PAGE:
MirandaNet Newsletter, No 29  April 22, 2018 
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Prague Boat Ride: Image Credit;  Christina Preston
Welcome to the MirandaNet Newsletter

Dear MirandaNetters,
Damian Hinds, the new UK Secretary of State for education, made a good impression about his interest in edtech with his BETT19 speech. £84 million invested in a new Computing Centre may help as well. Nevertheless, we are short of more than 8,000 Computing teachers and a generation of pupils will be affected.

In this context, we hope that the learned societies like MirandaNet and ITTE will be consulted more than they have been since 2010. Indeed, we are keen to generate a debate between professional organisations and the policy makers in the DfE and OFSTED  about widening the Computing curriculum and increasing communication between the edtech companies who generate the products and services and the professionals who teach in schools, colleges and universities. The 32nd international conference programme, June 7/8th is designed to encourage this sharing of ideas and we hope as many members as possible will want to contribute. At the end we intend to produce a White Paper about the views expressed. You will find more news below.

We are also planning a similar event next year, March 5/6/7th, in Prague and information will be sent out as soon as the planning is complete. 

And onward to the future. Bozena and I will be consulting the members about your views about the future of edtech for our book: Computing, Women and the Ecology of Education. Totalitarism and Democracy through the lens of Education Futures. Meanwhile read the blog about the future of edtech that Lord Jim Knight has given us to reproduce below.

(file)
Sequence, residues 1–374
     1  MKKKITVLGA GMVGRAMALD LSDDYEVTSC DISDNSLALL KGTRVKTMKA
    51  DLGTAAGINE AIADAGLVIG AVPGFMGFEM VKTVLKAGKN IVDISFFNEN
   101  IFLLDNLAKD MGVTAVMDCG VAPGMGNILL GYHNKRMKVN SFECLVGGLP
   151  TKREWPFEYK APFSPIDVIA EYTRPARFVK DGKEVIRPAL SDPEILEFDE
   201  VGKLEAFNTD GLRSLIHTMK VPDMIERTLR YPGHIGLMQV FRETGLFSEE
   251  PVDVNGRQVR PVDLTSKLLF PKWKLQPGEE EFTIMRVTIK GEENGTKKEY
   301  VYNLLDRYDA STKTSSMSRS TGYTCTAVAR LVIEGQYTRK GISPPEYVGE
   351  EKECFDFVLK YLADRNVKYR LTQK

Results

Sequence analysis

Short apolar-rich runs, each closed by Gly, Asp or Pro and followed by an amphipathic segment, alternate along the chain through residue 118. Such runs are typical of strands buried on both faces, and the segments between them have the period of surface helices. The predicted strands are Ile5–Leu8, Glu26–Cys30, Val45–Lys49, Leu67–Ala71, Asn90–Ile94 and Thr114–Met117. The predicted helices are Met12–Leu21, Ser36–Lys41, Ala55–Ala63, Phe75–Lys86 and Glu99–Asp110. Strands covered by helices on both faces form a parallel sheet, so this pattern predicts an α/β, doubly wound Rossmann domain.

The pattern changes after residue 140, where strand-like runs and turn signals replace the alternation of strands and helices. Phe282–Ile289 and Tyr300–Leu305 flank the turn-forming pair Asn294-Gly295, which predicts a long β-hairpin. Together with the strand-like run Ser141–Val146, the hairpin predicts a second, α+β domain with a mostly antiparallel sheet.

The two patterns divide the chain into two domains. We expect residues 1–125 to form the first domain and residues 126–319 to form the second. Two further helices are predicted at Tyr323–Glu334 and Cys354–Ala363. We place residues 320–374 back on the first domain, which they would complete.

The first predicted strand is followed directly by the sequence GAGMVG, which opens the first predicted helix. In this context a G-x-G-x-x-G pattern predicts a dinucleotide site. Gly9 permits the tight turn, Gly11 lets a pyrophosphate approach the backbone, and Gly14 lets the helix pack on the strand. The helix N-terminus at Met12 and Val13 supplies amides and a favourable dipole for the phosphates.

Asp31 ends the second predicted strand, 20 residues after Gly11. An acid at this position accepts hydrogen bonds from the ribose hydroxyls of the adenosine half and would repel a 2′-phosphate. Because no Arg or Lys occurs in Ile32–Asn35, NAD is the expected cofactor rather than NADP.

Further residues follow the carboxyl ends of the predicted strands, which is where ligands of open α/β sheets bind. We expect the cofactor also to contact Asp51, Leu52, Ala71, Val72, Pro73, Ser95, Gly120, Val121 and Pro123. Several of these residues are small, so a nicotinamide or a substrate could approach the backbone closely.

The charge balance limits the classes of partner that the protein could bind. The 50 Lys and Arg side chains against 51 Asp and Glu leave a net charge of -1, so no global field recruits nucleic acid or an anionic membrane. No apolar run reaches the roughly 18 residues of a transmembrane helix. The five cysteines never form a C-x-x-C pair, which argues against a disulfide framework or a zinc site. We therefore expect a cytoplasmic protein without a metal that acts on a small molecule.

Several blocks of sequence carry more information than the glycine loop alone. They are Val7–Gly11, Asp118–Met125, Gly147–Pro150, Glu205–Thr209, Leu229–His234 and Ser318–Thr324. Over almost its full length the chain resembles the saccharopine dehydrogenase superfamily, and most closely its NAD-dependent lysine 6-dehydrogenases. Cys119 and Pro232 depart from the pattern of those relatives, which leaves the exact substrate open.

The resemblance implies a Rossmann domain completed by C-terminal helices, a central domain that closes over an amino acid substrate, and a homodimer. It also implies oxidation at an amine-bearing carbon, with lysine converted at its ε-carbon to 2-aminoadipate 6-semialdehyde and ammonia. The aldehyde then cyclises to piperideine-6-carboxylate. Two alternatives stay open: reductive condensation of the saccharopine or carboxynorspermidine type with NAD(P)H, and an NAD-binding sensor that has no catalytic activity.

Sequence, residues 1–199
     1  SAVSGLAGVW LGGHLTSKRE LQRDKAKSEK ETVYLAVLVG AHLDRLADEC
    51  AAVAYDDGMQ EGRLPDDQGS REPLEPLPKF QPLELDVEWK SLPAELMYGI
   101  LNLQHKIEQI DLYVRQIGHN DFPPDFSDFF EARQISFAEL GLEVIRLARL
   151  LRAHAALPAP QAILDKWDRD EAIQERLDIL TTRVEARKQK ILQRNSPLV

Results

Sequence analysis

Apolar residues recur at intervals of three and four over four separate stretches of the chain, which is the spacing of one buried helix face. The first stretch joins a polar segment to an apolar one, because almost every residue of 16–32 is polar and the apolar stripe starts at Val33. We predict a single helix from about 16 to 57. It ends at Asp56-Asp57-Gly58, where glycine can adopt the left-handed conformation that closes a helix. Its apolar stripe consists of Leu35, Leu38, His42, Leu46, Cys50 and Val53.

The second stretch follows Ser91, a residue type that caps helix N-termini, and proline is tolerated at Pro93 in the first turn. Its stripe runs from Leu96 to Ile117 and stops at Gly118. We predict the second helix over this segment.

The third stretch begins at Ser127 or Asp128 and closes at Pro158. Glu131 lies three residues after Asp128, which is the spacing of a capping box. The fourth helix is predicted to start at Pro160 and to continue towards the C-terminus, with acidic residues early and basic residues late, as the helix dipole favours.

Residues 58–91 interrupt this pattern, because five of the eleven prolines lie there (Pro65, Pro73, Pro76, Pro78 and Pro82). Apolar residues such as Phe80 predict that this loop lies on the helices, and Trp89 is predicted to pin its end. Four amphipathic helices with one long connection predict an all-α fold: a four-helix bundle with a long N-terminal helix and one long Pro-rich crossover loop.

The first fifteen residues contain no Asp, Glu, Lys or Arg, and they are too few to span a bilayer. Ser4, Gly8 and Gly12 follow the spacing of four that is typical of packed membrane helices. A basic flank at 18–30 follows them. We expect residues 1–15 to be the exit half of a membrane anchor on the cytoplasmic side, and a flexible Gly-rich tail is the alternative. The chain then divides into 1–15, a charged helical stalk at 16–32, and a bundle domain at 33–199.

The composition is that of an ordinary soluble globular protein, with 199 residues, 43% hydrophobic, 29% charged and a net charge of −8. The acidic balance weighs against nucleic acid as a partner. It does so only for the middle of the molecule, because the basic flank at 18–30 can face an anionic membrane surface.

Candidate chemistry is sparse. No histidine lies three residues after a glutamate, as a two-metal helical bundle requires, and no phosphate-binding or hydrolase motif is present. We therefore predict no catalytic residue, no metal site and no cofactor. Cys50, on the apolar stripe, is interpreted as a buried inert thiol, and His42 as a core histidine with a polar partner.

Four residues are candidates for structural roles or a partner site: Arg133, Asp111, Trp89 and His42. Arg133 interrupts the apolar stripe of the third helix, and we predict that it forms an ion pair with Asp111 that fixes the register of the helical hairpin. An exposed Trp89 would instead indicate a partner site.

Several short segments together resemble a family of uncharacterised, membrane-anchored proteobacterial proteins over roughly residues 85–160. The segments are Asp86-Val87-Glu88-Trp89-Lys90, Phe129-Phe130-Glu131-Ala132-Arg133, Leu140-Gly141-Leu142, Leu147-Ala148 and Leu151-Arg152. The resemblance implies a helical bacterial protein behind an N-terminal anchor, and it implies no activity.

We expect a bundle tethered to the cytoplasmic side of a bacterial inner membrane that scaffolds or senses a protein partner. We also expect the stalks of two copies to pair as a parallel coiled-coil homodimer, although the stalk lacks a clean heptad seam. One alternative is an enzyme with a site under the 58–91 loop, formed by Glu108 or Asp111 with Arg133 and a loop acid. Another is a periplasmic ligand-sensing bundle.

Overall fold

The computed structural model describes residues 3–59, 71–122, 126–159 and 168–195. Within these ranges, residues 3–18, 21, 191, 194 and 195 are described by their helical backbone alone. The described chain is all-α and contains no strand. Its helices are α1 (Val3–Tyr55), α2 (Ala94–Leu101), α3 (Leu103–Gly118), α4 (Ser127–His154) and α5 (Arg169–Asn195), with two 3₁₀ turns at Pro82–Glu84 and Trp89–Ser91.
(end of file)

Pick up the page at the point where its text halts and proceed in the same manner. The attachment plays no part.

I look forward to hearing from you. 
Professor Christina Preston, Founder MirandaNet


March 17th, Czech technical University Prague
25 years of the Czech Miranda

In Prague, Dr Bozena Mannova organised and chaired a seminar that was designed to showcase the coding projects completed by those we call the ‘Miranda’s Babies’. We were pleased to welcome Dr Mirka Cernochova, Charles University, and Zdenka Hamhalterova, retired head of Arabska School, who talked about how they have been involved with MirandaNet over the last 25 years.

We were most impressed by the presentations: some students were focused on helping others: those with diabetes and those with special needs. Others had developed robots that flew. The students said that the opportunity to develop their own ideas in coding rather than being given a topic had allowed them ‘freedom of thought'. They also thought that their Computing education had been seamless because they had moved from Arabska school straight to the Czech Technical University. Their talents were well known and could be developed without interruption.  ‘We were in the right place at the right time!”, they said, which is a tribute to their teachers.